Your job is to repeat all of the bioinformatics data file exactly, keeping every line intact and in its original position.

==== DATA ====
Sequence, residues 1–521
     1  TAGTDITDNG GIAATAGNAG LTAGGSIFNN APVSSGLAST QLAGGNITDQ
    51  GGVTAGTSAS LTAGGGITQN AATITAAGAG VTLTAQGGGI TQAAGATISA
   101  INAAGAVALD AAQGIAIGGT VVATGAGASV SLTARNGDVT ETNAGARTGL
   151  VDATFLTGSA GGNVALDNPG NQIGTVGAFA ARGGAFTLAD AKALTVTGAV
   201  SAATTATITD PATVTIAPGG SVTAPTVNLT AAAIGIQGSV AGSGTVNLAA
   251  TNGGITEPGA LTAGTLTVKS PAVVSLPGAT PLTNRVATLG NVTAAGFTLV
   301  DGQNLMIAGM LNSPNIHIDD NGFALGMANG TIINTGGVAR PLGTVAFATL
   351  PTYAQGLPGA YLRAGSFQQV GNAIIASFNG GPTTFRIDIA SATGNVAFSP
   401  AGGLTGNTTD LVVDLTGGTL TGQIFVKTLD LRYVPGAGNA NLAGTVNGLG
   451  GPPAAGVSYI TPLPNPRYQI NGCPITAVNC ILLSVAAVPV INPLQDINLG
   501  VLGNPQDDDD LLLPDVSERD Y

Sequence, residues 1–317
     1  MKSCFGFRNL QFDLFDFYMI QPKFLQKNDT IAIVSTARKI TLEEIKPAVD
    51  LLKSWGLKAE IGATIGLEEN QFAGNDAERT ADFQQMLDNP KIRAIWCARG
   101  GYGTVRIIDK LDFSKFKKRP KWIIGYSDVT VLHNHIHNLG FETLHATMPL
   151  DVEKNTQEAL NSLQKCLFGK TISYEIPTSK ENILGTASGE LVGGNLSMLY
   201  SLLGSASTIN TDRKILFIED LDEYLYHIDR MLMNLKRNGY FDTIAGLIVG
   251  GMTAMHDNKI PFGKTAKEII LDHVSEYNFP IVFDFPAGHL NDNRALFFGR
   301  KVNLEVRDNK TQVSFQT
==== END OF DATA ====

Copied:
Sequence, residues 1–521
     1  TAGTDITDNG GIAATAGNAG LTAGGSIFNN APVSSGLAST QLAGGNITDQ
    51  GGVTAGTSAS LTAGGGITQN AATITAAGAG VTLTAQGGGI TQAAGATISA
   101  INAAGAVALD AAQGIAIGGT VVATGAGASV SLTARNGDVT ETNAGARTGL
   151  VDATFLTGSA GGNVALDNPG NQIGTVGAFA ARGGAFTLAD AKALTVTGAV
   201  SAATTATITD PATVTIAPGG SVTAPTVNLT AAAIGIQGSV AGSGTVNLAA
   251  TNGGITEPGA LTAGTLTVKS PAVVSLPGAT PLTNRVATLG NVTAAGFTLV
   301  DGQNLMIAGM LNSPNIHIDD NGFALGMANG TIINTGGVAR PLGTVAFATL
   351  PTYAQGLPGA YLRAGSFQQV GNAIIASFNG GPTTFRIDIA SATGNVAFSP
   401  AGGLTGNTTD LVVDLTGGTL TGQIFVKTLD LRYVPGAGNA NLAGTVNGLG
   451  GPPAAGVSYI TPLPNPRYQI NGCPITAVNC ILLSVAAVPV INPLQDINLG
   501  VLGNPQDDDD LLLPDVSERD Y

Sequence, residues 1–317
     1  MKSCFGFRNL QFDLFDFYMI QPKFLQKNDT IAIVSTARKI TLEEIKPAVD
    51  LLKSWGLKAE IGATIGLEEN QFAGNDAERT ADFQQMLDNP KIRAIWCARG
   101  GYGTVRIIDK LDFSKFKKRP KWIIGYSDVT VLHNHIHNLG FETLHATMPL
   151  DVEKNTQEAL NSLQKCLFGK TISYEIPTSK ENILGTASGE LVGGNLSMLY
   201  SLLGSASTIN TDRKILFIED LDEYLYHIDR MLMNLKRNGY FDTIAGLIVG
   251  GMTAMHDNKI PFGKTAKEII LDHVSEYNFP IVFDFPAGHL NDNRALFFGR
   301  KVNLEVRDNK TQVSFQT